In the days just before the birthday-Thanksgiving-Christmas chaos we like to call the Celebration Season, I got a most touching letter that helped put the spirit of these holidays into perspective for me. The story of the letter dates six months earlier, when I was trying to decide how to recognize the 10-year anniversary of my mother’s death. For some reason I felt it should be marked by my doing something that kept her memory here on earth. I mentioned this to a friend whose mother had died a few years ago. She said she called the anniversary of her mother’s death Dead Moms Day and did things her mother loved – like eat ice cream and drink her mother’s favorite wine.
I couldn’t think of a favorite food of my mother’s, and wasn’t in the mood to sip Beafeaters. I think it was Rick who suggested making a donation to a nonprofit in her memory. But which one? My mother was a juvenile defender in Memphis. That means, she defended kids whose families could not afford a lawyer. She assisted with custody battles and misdemeanors. She even defended kids against murder. She called the ones she defended, “my kids,” and she truly cared about them. She mentioned several times wanting to invite some over for Thanksgiving dinner, and my sister and I in our ignorance would simply roll our eyes. She never got the opportunity to make that dinner for “her kids.”
I did some research and learned that in Birmingham the Department of Youth Services has a campus dedicated to rehabilitating young men who have gotten into trouble. I called and talked with several people there, explaining that I wanted to make a small donation, and finally reached Kennedy, who was almost speechless at my offer. Vacca Campus isn’t a “charity” in the true sense of the word and its funds are greatly restricted. But donations, while rare, were accepted and appreciated. He said he would find a way to put mine to use. I mailed the check on June 18, 2009, the 10-year anniversary of my mother’s death, and while Kennedy said he would let me know how the money was put to use, I didn’t expect to hear from him. I knew his work and that of the others at Vacca Campus was hard and often under appreciated. He owed me nothing but a promise that he would make my donation mean something special for the boys. That was all I needed I needed to know.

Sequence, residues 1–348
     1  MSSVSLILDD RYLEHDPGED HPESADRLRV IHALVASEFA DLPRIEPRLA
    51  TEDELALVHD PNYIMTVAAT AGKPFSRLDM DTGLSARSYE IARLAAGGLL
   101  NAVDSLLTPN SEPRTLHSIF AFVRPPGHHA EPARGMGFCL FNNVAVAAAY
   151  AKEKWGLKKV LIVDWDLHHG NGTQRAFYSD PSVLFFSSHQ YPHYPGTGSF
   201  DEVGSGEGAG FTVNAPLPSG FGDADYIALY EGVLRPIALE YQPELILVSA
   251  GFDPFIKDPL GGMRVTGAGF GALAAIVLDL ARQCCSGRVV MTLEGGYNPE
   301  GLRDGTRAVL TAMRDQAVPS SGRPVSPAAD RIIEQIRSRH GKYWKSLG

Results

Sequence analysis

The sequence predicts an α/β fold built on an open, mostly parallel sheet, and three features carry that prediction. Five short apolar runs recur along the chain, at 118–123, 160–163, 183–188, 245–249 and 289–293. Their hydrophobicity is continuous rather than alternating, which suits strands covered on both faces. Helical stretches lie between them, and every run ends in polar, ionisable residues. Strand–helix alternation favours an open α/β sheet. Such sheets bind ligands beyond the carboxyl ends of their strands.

Just days after Thanksgiving, at the height of our Celebration Season, in the midst of Christmas parties at my son’s school and in our home, I received a letter from Kennedy. I expected it to be an acknowledgement of my donation, but it was so much more.
On behalf of the students and staff at Vacca Campus, we would like to express our appreciation for your generous contribution in honor of your mother. We would like to apologize for our delay in sending you a letter of appreciation. Man people outside of this line of work will never know who challenging, dangerous, and frustrating a career with youth can be with oftentimes limited results. With resources stretched thin and prorated budgets, your donation could not have come at a better time.
We immediately began debating the best use of the funds you provided. One thought was an outside volleyball court but we already have a gym where we can play volleyball. There were other discussions as to the best use of the funds. Finally we decided to use the money to help fund our yearly Fall Festival held in our school gym on October 30, 2009. I regret that we were unable to invite you due to legal restraints but I can assure you that all the students enjoyed the festival. Your donation went toward an eventful day including a basketball tournament between dorms, which the winning dorm received a pizza party. Also we were able to buy popcorn for our popcorn maker and provide the students with barbecue chicken and all the fixings. Our students rarely get charcoal grilled chicken. Also, the dormitory with the best decorations won a pizza party.
The festival was a big success and the students were very grateful. On behalf of the Department of Youth Services and especially the 80-plus students on our campus, we want to thank you again for the monetary donation you gave in honor of your mother.
I read the letter out loud to my husband, breaking up a bit because I’m pathetic that way. My mother never got to host a handful of “her boys” at the house for Thanksgiving, but in a way she was able to give those 80-plus boys at Vacca Campus some holiday joy. And that was worth every penny of my small donation.